‘Black Panther: Wakanda Forever’ Explores Geopolitics and Shows the MCU Can Go Further

Black Panther: Wakanda Forever is, at its core, a moving drama about the grief of a nation for their lost King T’Challa and the grief of his closes loved ones. But the film also takes a deeper dive into the geopolitics of the MCU, and really our own world and how the legacy of colonialism, European slavery of Africans, Indigenous genocide, and the pillaging of resources of Black and brown countries continues to this day.

(L-R): Dorothy Steel as Merchant Tribe Elder, Florence Kasumba as Ayo, Angela Bassett as Ramonda, Danai Gurira as Okoye in Marvel Studios’ Black Panther: Wakanda Forever. Photo courtesy of Marvel Studios. © 2022 MARVEL.

Like with his first installment, visionary director Ryan Coogler beckons the audience to think more critically on how the malevolent forces of white supremacy and western colonialism have shaped our world for ill, and what we must do to undo their legacies of terror and create a better and more equitable world. As Wakanda Forever shows in its climax, if we don’t, then we may be left to perpetuate our own destruction.

It’s made clear at the beginning of the film who the ultimate bad guys are. As Queen Ramonda (Angela Bassett) addresses the UN, she calls out France and other western countries, whose histories of exploitation and colonialism in Africa have effects that linger to this day, for hypocritically claiming that Wakanda is not “helping” the world with their wealth of Vibranium, when they clearly just want the Vibranium to make weapons for themselves. To demonstrate her point, the Dora Milaje deliver the French soldiers that attempted to raid their facility, showing the French for the criminals that they are. Today, through continued exploitation and capitalism, western countries and companies still have their tendrils in the economies of these countries, and rarely, if ever, to the citizens’ benefit.

Both Wakanda and Talocan have vast stashes of Vibranium that has allowed their societies to flourish for centuries, hidden away from white colonizers who ravaged and pillaged (and in many cases continue to do so) their continental neighbors. When Americans nearly discover the Vibranium in Talocan, this spurs Namor (Tenoch Huerta) to blackmail Queen Ramonda (Angela Bassett) and Wakanda to assist them in taking out the MIT student scientist, Riri Williams (Dominique Thorne), who created the device for class, not knowing her professor would send it to the government.

Namor and his people have felt the effects of European colonialism directly. As presented in the film through flashbacks, their nation was founded in the 1500s as a refuge for the Mayan people under the ocean, after they received the ability to breathe underwater. While Wakanda, of course, has always known what the Europeans are capable of and have seen the slavery and exploitation happen to their neighbors over the centuries, they haven’t engaged as directly as the Talocanis have now done, and Namor attempts to have them be a full partner against the western powers, leading to further conflict between the two nations as the film goes on. It is western imperialism, begun hundreds of years ago and which remains in many ways, that is the main driver of Namor’s antagonistic actions throughout the film.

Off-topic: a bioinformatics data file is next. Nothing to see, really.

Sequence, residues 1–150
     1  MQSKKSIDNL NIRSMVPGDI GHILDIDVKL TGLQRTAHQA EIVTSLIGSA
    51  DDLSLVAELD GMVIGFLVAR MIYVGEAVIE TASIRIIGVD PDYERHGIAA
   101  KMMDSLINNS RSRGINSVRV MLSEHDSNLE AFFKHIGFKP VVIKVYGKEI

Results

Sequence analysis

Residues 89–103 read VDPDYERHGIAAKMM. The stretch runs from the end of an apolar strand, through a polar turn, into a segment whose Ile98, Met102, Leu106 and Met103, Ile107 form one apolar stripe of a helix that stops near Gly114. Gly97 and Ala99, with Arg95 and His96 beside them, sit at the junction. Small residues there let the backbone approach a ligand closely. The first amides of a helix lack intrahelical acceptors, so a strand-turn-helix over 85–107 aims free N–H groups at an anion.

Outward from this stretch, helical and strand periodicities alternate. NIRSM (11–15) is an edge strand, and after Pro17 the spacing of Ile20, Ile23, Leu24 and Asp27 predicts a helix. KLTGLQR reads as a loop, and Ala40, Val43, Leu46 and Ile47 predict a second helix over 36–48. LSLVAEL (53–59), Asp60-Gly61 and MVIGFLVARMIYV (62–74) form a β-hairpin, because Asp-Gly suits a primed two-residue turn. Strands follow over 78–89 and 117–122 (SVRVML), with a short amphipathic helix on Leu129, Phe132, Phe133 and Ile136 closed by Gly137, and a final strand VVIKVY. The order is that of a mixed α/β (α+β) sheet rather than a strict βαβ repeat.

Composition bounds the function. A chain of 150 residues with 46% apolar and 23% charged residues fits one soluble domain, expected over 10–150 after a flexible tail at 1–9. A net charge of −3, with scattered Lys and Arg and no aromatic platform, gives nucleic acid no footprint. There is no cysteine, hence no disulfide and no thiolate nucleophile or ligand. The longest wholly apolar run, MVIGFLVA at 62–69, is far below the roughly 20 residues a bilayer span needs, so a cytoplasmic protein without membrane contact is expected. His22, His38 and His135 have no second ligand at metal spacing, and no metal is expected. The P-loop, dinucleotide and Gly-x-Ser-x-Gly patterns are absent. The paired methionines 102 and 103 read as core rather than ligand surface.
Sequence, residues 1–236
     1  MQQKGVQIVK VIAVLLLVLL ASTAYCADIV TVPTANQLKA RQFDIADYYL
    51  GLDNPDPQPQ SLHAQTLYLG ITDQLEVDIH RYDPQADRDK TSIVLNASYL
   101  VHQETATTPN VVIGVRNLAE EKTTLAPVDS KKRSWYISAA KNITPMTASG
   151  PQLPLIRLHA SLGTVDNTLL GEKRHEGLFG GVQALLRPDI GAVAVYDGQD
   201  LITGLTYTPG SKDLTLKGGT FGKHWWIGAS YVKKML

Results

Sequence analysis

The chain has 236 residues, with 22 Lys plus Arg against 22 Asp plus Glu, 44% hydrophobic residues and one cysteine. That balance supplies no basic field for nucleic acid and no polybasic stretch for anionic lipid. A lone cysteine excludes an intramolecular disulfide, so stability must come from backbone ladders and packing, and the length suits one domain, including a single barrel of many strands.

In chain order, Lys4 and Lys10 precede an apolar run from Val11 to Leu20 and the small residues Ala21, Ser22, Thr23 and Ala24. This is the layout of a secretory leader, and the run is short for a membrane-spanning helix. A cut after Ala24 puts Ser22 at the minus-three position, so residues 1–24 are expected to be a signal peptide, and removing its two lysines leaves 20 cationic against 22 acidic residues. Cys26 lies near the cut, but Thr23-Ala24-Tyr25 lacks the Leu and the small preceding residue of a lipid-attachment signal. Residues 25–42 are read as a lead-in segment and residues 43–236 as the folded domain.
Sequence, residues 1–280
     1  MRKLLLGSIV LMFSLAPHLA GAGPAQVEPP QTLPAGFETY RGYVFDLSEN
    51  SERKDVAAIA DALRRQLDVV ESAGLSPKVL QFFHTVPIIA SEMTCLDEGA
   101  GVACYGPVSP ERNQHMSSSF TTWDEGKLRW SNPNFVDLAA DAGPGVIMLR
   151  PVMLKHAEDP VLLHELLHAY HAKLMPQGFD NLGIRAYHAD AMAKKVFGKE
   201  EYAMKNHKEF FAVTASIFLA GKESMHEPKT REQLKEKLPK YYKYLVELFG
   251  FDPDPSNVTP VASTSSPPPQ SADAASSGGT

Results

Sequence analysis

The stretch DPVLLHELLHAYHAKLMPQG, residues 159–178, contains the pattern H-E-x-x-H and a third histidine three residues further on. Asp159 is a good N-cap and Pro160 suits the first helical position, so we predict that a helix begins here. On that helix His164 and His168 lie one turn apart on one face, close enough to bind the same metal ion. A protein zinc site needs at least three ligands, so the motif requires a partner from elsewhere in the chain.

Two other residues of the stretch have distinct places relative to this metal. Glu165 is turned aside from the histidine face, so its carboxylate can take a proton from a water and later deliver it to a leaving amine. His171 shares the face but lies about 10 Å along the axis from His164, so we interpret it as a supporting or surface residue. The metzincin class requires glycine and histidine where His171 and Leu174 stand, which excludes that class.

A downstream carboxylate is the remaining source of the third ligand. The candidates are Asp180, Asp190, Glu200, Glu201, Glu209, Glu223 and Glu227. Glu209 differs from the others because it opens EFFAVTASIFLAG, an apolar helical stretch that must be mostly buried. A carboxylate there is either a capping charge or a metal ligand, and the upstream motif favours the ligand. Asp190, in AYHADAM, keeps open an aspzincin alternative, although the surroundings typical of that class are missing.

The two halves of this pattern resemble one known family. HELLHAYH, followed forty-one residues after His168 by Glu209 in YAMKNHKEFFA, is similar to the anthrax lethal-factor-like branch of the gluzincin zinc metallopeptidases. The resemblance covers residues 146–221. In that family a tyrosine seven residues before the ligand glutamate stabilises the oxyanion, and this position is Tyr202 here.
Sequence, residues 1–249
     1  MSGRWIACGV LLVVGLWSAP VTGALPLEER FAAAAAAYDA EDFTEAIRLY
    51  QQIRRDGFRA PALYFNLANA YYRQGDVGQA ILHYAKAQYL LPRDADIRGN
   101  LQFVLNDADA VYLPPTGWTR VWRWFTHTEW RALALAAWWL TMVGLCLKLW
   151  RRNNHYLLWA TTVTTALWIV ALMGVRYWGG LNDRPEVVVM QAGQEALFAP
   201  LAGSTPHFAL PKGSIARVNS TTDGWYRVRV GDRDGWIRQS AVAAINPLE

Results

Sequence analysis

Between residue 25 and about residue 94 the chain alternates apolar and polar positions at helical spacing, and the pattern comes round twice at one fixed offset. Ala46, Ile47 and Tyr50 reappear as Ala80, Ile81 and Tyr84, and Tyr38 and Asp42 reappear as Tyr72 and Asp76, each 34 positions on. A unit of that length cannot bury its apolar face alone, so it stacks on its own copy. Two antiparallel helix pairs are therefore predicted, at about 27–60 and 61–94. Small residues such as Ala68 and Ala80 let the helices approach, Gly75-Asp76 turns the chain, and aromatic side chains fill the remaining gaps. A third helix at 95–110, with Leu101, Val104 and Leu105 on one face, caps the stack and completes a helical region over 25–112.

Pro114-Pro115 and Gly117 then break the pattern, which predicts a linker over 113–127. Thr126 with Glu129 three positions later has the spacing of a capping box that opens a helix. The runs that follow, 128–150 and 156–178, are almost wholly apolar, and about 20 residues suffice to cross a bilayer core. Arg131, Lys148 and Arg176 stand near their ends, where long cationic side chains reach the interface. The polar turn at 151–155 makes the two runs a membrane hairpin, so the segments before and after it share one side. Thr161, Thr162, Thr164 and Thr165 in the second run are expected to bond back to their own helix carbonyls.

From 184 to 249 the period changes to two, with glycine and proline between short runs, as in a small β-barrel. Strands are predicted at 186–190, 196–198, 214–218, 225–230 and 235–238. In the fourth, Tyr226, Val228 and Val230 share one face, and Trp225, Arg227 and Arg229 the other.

Tenoch Huerta Mejía as Namor in Marvel Studios’ Black Panther: Wakanda Forever. Photo courtesy of Marvel Studios. © 2022 MARVEL.

While the film, through this conflict, asks audiences to think about the reasons why this conflict is happening, and has the direct callout of western powers, it is still part of the MCU, and thus can’t rock the boat too much; i.e., we can’t have a western or European force or person as the full-blown villain or antagonist. The geopolitical conflict between Wakanda and Talocan is compelling, and wouldn’t have happened were it not for European colonialism, but there are times where it feels frustrating that the conflict is happening at all, and that they should find a compromise to unite and stay vigilant together against the colonizers. And to be sure, they do in the end, but it takes a war between the two to get there, including the tragic death of Queen Ramonda herself.

Ryan Coogler and his team weave a rich conflict that is steeped in colonial trauma and resource exploitation, and seemingly sets up a wider conflict with western imperialists (namely, Contessa Valentina Allegra de Fontaine of the CIA as played by Julia Louis-Dreyfus) who want to find any excuse they can to exploit the African and Mayan nations. I hope that we get to see this play out in the third Black Panther film, and let a western force be the explicit villain, and not just the one in the background.

The question remains whether Marvel Studios, long known for their US military propaganda, will allow for such an explicit and direct conflict with a western force against African, Mayan, and other Black and brown nations where the latter are explicitly the ones to root for as they are in Wakanda Forever. To fully put colonists as the explicit main villains in their place on the big screen would be an incredibly welcome step for the MCU.

We saw hints of this in the Ms. Marvel finale when the final (albeit not main) villain was a rogue and Islamophobic police force. For the deeply resonant themes that Coogler and his team care about, I truly hope it comes to fruition, and that we may see Wakandans, Talocanis, and other Black and brown peoples triumph over western imperialism.

Black Panther: Wakanda Forever is now playing in theaters.